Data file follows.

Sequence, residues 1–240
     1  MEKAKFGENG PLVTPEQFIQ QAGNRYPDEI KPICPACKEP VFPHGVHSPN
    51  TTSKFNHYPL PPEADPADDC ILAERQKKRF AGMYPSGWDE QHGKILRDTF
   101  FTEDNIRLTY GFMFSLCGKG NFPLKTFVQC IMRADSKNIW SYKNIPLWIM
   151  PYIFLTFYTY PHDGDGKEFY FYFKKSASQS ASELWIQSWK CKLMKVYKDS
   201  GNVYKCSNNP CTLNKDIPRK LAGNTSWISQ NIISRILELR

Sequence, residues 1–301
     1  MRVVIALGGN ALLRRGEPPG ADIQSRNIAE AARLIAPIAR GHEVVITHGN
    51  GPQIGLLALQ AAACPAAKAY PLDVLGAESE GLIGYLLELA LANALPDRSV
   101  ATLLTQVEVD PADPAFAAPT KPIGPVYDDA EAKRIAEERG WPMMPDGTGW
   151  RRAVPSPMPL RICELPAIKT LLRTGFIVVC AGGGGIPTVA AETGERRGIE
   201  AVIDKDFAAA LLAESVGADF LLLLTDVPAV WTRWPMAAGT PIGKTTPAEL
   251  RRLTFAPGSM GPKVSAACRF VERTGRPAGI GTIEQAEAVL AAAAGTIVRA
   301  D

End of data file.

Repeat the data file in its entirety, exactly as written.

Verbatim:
Sequence, residues 1–240
     1  MEKAKFGENG PLVTPEQFIQ QAGNRYPDEI KPICPACKEP VFPHGVHSPN
    51  TTSKFNHYPL PPEADPADDC ILAERQKKRF AGMYPSGWDE QHGKILRDTF
   101  FTEDNIRLTY GFMFSLCGKG NFPLKTFVQC IMRADSKNIW SYKNIPLWIM
   151  PYIFLTFYTY PHDGDGKEFY FYFKKSASQS ASELWIQSWK CKLMKVYKDS
   201  GNVYKCSNNP CTLNKDIPRK LAGNTSWISQ NIISRILELR

Sequence, residues 1–301
     1  MRVVIALGGN ALLRRGEPPG ADIQSRNIAE AARLIAPIAR GHEVVITHGN
    51  GPQIGLLALQ AAACPAAKAY PLDVLGAESE GLIGYLLELA LANALPDRSV
   101  ATLLTQVEVD PADPAFAAPT KPIGPVYDDA EAKRIAEERG WPMMPDGTGW
   151  RRAVPSPMPL RICELPAIKT LLRTGFIVVC AGGGGIPTVA AETGERRGIE
   201  AVIDKDFAAA LLAESVGADF LLLLTDVPAV WTRWPMAAGT PIGKTTPAEL
   251  RRLTFAPGSM GPKVSAACRF VERTGRPAGI GTIEQAEAVL AAAAGTIVRA
   301  D